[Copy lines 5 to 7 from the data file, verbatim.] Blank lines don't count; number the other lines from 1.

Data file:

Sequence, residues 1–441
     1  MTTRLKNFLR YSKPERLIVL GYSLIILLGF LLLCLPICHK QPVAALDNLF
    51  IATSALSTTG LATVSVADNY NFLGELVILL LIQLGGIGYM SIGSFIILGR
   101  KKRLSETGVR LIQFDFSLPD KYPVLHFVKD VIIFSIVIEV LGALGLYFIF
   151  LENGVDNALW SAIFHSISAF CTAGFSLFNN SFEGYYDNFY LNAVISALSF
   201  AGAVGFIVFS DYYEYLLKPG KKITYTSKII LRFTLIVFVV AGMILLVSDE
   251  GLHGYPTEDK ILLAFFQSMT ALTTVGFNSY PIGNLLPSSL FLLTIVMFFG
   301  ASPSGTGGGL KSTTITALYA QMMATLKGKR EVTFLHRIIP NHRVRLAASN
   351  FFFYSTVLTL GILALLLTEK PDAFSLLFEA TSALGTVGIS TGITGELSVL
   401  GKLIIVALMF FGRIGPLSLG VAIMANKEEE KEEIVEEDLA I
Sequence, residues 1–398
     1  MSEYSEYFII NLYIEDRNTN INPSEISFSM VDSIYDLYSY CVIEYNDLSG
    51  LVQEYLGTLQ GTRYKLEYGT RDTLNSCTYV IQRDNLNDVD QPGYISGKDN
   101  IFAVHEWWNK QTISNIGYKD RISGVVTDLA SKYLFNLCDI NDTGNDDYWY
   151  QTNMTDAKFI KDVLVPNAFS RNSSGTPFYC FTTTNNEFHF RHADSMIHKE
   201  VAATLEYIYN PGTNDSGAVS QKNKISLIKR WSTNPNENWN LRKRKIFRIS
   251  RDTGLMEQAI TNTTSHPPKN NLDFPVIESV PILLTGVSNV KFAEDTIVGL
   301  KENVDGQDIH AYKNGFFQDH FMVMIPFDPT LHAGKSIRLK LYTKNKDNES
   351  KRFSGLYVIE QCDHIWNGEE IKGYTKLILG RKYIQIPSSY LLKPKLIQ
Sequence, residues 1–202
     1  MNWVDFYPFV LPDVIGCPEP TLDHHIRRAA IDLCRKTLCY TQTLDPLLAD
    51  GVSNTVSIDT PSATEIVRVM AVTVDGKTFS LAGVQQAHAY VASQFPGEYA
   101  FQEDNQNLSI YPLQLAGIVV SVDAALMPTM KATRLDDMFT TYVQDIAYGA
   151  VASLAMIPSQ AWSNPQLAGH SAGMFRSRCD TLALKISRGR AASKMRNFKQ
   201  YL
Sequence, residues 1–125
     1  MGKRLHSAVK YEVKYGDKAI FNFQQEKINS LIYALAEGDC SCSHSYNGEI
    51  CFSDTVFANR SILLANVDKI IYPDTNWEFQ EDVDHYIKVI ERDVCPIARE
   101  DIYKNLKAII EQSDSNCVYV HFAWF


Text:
   151  LENGVDNALW SAIFHSISAF CTAGFSLFNN SFEGYYDNFY LNAVISALSF
   201  AGAVGFIVFS DYYEYLLKPG KKITYTSKII LRFTLIVFVV AGMILLVSDE
   251  GLHGYPTEDK ILLAFFQSMT ALTTVGFNSY PIGNLLPSSL FLLTIVMFFG